Read This Note Before Posting (Combined Notes)

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    Here’s some more information that might help with getting “The Basics” out of the way.

    ***Help Us Help You – Please include as much information as possible***

    Always post:

    1) State Year, make, model, transmission type, and engine size, body type.

    2) What the problem is. A comprehensive description of the problem. Include the conditions if any of when the problem happens and how often it happens.

    3) What attempts have been made to fix the problem, either by you or a mechanic. What parts have been changed? No detail is too small.


    1) for relevant Technical Service Bulletin titles that might apply to your problem. See the car dealer for a printout of the full bulletin. will only give you the titles of them! Also if it’s a known recall, contact the manufacturer or the NHTSA at their website.

    2) If the vehicle is perhaps under warranty. If not, and it is not that old of a vehicle (or has low mileage) consider contacting the manufacturer and working out a deal for a goodwill warranty. That is, the manufacturer will cover some of the repair and you cover some of the repair. The term “goodwill” means that the manufacturer will offer some help on the problem (financial assistance) to promote “customer goodwill” (the hope that you will buy another car from them).

    – Lastly, Please keep all posts together on the same vehicle/problem by using your REPLY button for continuity and expedience.

    – It is appreciated if you’d post back the results of your problem, our solution and what fixed the issue. Everyone learns more this way

    Mechanical Basics
    1) Must have spark, air, and fuel. Without these three you go nowhere.

    Causes of no spark: Bad ignition parts, crank sensor, broken timing belt (to test: see if the distributor rotor turns when you crank the engine). If in doubt, start with a full tune-up including all filters to eliminate any possible questionable parts. When the car does run, it will run better with fresh parts.

    Causes of no fuel: Bad fuel pump, relay, wiring, as well as clogs in the lines or filters. On cars with electric fuel pumps in the tank, avoid running the vehicle low on fuel. Doing this removes both the lubrication and cooling ability of the pump (the fuel!). Not to mention you will suck up dirt from the tank and cause problems. Not worth it!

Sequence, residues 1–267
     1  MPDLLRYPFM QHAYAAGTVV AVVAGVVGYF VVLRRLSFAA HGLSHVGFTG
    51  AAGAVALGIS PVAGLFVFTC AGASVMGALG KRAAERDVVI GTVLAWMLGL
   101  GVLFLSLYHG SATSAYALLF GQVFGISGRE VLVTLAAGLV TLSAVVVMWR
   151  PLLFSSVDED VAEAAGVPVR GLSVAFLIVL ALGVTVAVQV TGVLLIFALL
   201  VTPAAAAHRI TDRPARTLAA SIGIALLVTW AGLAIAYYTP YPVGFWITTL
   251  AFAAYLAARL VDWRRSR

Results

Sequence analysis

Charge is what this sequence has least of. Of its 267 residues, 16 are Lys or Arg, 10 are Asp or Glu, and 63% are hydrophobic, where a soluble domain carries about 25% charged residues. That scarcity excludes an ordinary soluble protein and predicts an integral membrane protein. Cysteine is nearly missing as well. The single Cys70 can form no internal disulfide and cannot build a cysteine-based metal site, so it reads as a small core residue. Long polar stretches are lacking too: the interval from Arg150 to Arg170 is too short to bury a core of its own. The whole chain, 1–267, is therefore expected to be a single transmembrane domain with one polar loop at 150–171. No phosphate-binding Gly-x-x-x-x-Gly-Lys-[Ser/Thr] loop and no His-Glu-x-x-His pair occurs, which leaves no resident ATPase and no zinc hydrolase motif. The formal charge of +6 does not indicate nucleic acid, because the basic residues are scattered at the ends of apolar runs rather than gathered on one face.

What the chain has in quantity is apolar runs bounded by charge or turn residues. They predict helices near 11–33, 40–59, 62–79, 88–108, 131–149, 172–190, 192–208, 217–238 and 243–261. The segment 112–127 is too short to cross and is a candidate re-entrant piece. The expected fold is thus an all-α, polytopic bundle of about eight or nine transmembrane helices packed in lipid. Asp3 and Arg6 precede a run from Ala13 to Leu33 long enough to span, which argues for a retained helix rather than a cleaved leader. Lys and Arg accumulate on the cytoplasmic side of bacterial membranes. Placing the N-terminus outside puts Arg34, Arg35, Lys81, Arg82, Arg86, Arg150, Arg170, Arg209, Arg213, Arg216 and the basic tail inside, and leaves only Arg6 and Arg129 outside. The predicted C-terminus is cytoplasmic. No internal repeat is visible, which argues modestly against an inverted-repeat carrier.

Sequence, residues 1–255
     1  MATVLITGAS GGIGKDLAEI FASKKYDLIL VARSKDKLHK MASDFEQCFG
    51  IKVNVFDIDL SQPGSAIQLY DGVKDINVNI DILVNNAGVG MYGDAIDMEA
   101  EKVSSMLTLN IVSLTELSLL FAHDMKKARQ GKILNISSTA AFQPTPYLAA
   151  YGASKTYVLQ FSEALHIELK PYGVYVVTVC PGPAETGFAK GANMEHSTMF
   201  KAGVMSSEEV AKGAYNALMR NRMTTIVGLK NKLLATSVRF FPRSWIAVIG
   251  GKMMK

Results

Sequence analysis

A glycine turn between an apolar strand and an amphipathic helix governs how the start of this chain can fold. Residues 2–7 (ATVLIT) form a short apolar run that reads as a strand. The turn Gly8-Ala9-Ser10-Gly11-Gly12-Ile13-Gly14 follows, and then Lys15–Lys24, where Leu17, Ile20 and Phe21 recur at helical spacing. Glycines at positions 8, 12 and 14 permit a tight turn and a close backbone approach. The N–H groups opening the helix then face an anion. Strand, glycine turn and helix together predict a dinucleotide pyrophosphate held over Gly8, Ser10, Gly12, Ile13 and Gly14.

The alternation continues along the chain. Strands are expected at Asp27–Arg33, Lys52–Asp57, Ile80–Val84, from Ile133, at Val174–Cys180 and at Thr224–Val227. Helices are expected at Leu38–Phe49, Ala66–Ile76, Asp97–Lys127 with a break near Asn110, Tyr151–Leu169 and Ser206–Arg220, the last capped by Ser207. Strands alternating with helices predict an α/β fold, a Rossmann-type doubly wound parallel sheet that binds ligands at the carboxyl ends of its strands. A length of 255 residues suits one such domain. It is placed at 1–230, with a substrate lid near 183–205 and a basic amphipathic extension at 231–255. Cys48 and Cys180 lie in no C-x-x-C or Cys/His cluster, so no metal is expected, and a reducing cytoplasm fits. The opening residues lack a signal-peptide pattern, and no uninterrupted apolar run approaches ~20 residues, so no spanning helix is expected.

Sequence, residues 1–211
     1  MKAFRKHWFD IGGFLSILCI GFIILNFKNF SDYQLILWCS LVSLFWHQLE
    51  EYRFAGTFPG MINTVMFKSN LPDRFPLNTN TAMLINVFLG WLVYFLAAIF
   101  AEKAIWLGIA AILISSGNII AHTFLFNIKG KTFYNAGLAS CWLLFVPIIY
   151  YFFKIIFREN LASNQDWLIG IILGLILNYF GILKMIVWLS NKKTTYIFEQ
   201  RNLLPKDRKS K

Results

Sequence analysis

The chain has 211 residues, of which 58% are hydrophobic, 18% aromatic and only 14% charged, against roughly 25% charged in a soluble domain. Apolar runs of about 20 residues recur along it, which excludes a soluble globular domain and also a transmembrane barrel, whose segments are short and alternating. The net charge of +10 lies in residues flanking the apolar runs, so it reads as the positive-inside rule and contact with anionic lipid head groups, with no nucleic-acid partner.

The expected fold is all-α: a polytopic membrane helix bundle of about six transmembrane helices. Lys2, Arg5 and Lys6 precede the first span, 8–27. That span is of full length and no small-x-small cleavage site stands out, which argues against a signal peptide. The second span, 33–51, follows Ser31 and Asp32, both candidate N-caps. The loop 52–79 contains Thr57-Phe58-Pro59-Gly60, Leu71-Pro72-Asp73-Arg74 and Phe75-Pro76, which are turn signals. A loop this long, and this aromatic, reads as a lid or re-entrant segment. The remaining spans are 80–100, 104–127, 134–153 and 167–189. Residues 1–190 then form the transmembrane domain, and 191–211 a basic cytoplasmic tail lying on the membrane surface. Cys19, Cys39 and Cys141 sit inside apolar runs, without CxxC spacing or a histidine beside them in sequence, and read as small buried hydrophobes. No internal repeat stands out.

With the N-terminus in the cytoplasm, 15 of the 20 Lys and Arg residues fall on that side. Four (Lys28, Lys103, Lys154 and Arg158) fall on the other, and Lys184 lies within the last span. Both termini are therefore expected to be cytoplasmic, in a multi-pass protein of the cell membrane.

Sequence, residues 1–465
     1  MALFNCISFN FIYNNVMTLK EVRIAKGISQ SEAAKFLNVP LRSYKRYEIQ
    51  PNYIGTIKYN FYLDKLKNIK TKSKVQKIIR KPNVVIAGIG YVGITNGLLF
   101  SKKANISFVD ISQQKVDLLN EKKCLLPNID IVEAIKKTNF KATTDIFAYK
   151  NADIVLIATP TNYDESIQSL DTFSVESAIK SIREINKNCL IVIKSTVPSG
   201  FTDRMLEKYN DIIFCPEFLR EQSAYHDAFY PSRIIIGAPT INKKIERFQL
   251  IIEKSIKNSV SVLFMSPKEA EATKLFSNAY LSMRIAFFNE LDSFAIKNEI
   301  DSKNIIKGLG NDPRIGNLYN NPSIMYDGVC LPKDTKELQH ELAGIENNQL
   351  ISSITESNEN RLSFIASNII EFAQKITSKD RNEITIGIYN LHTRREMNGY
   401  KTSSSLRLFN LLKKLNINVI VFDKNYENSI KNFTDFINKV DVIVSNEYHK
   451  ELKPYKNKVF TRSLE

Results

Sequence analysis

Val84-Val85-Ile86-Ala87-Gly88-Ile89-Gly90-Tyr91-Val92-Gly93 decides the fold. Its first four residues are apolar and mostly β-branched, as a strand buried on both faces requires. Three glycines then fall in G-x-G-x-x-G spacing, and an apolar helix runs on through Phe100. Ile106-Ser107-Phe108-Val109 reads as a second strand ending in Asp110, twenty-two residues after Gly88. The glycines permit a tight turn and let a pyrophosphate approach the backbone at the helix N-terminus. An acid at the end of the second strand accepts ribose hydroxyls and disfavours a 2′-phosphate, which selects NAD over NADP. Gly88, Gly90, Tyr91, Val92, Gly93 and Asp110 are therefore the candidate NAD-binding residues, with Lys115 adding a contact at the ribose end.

Causes of no air: Clogged air intake, air filter, bad air flow meter, carbon in the intake, etc.

    Rules of Safety
    1) Never smoke while around cars or batteries. The results can be explosive. Literally. Extinguish all sources of flames and sparks. Never be too careful.

    2) Always properly support a load when going under a vehicle. Make sure to put it on steady, level ground. A hurt or injured DIY’er is not a happy one.

    3) Backup plan: If you have to, don’t rush. Plan to hitch a ride with a friend or take public transit/alternate vehicle. Rushing through a job to get stuck the next morning is more expensive than waiting till the next day and doing it right.

    4) A clean work shop is a happy one. While sometimes not avoidable, the job is better when you keep the area clean and clutter free. Keep all tools in good shape and use good quality tools. I like Craftsman products (Sears) due to the good warranty and overall good quality and value. Home Depot’s Husky line is pretty good too. Snapon, Matco, SK and Proto are among other good professional brands out there, and cost considerably more.

    Basics of Maintenance
    1) Tuneups and filter changes regularly. Follow your manufacturer’s recommendations for oil and fluids to be used. Look at the maintenance schedule and see how your driving fits into the schedule for “severe” or “normal” driving. Many folks do “severe” driving and don’t know it!

    2) “If you can’t remember when, it’s time”. Good motto. If you can’t remember when the last time you did a regular service, it’s time now. Can never hurt.

    3) Think simple. Most parts are not returnable to a parts store if they are not your problem. So, in that respect, don’t go changing expensive parts in lieu of testing or diagnosis. Your wallet will thank you. Think about how the system works. Refer to your manual or the archives of the forum for more help.

    4) Belts and hoses should be changed after four years. Prevent a breakdown! (Tow Guy can attest to this, I’m sure!)

    More information to come from the vast experience that gets posted in the forum or through diligent reading!


    – For information on how to read and interpret your trouble codes (if applicable), check out Knuckles & 0Patience’s website at

    -Service information can also be purchased at

    Note: The best, most comprehensive, and recommended manual is the OEM factory service manual.

    -Go to the following URL for phone numbers and OE contact information regarding how to order them (as well as owner’s manuals and service tools):

    -Safety first! When in doubt, always consult the appropriate service manual. Always disconnect the battery before working on the electrical system. Wear the appropriate eye, ear and skin protection to avoid injuries. Extinguish and keep away all sources of sparks and flames and vapors while working on motor vehicles…safety is no accident!

    Good luck!

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